On the demand “For a safe water supply owned and operated by citizens for citizens and not for profit”

Cobh Says No has sent out a nationwide call for coordination between anti-water charges groups based around the following demands:

* For the immediate and complete abolition of water charges
* For the immediate disbanding of Irish Water
* Opposition to the installation of water meters as a charging device
* Boycott of registration and payment of Water bills
* For a safe water supply owned and operated by citizens for citizens and not for profit

The final demand was added at the meeting which decided to send the call out, the impulse behind it being an opposition to privatisation of water supply. Because of this motivation, I didn’t argue against it at the time, but on reflection I realise that it is badly phrased and could easily be read to mean something more than intended.

First, there is a problem with the word “citizens” – we live in a class society, and this has seldom been so evident as in this fight, where the opposition to the water charges is predominantly working class, both in social background and in self-identification. Use of “citizen” implies that all classes are in this together, as do phrases like “people power”. For instance the billionaire Denis O’Brien is a citizen but he is a citizen who can buy votes and manipulate public opinion through his controlling shareholding of the INM media empire.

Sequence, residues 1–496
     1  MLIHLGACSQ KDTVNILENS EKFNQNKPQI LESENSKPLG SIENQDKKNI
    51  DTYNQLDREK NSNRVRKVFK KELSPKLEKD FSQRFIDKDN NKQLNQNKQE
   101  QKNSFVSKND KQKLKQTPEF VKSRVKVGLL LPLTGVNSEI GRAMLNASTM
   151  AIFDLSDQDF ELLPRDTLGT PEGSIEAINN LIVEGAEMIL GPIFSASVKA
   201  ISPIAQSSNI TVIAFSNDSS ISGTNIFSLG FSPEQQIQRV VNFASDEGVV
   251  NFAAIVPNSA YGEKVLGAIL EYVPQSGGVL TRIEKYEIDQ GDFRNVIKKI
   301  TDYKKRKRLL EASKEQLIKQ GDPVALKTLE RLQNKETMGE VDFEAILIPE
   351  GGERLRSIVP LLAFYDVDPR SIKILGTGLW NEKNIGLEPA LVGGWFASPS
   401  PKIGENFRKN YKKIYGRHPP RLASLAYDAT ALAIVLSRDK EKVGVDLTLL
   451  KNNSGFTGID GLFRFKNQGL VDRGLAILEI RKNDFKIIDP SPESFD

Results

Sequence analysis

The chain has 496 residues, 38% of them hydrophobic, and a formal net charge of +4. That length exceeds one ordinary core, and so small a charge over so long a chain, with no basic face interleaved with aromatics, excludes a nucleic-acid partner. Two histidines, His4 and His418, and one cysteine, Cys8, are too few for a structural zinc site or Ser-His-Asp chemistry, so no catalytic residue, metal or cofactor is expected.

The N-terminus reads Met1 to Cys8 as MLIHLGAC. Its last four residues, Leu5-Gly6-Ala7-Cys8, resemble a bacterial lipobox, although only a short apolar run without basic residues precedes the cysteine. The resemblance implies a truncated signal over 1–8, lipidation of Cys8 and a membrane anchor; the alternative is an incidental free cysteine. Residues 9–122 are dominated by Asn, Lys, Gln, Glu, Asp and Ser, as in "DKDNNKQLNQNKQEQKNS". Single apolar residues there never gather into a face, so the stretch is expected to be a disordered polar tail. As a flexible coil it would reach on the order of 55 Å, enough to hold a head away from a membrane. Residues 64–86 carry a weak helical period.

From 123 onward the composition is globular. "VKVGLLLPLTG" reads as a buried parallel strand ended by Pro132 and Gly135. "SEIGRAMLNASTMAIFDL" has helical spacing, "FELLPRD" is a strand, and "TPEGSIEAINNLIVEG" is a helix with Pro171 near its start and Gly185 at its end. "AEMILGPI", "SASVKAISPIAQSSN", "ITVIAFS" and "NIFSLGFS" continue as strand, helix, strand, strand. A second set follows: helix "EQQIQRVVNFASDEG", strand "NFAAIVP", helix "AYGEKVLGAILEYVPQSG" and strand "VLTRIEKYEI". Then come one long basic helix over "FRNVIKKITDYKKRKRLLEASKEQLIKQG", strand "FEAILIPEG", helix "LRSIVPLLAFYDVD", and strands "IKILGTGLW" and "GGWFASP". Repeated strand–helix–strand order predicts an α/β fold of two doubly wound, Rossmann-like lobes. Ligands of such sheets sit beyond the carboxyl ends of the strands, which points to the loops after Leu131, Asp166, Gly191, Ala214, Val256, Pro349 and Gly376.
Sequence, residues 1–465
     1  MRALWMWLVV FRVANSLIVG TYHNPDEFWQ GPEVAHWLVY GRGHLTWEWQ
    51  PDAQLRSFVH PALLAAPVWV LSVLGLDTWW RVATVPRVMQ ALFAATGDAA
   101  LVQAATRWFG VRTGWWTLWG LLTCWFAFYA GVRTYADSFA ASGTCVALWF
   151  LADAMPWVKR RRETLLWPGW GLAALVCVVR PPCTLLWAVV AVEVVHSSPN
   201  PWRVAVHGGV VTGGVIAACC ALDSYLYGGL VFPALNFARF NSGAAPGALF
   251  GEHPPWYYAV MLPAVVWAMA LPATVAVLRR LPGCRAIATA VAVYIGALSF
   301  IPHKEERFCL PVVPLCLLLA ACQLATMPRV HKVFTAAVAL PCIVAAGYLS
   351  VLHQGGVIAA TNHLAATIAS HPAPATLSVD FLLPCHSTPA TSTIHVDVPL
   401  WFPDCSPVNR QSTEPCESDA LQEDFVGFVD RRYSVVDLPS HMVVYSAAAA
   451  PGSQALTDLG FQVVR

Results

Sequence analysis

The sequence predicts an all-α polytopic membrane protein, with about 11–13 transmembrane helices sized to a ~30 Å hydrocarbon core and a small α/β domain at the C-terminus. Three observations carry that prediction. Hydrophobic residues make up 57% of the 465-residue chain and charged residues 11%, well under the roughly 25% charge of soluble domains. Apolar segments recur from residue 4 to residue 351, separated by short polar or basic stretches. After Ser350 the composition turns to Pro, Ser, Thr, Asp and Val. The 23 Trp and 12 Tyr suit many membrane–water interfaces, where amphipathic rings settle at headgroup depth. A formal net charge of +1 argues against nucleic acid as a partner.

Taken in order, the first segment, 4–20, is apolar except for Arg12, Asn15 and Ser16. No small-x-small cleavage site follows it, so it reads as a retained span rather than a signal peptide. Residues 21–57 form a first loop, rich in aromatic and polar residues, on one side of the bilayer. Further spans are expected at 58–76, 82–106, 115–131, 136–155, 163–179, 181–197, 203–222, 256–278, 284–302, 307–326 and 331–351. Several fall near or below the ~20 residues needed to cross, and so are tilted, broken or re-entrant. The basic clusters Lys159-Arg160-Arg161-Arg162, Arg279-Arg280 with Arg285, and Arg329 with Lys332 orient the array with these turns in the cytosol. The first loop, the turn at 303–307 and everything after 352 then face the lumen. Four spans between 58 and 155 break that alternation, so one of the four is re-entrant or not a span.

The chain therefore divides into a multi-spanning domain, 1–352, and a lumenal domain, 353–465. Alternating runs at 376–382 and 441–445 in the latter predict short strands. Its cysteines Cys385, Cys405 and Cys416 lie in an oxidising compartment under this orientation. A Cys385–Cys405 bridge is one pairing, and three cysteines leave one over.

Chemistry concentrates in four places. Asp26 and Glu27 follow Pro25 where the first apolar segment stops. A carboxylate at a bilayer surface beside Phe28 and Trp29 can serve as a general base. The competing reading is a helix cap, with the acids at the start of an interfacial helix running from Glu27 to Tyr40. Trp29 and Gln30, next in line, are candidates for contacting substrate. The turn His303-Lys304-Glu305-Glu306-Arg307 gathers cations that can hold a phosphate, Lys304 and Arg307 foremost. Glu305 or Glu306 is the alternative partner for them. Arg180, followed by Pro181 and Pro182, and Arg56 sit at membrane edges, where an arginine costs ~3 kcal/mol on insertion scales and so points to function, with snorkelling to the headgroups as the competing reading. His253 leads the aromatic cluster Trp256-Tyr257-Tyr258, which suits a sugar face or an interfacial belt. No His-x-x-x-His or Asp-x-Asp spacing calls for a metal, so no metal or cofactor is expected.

The reality is that the water charges are yet another attempt by the likes of Denis O’Brien to impose the costs of capitalist crisis on the working class. As I have argued elsewhere, the involvement of the trade unions, workers organised as a class, will be key to winning this fight.

Views within the campaign vary widely of course on how we see class society, and I’m not advocating we should simply replace “citizens” with “workers”. I actually don’t think this campaign should be taking a position on who should control the water supply. Water will never be equally owned and controlled by all while capitalism still exists, and I certainly don’t think a broad based anti-water-charges campaign should be taking a view on the overthrow of capitalism (despite advocating that myself!).

It would have been far preferable if we had used a simple negative such as “no privatisation of water supply” – a demand that all can unite around regardless of specific opinions on how society as a whole should be organised and I regret not suggesting this at the time. Our campaign has succeeded so far by being simple and clear, allowing those with different worldviews to fight together on the issue that unites us – opposing water charges.


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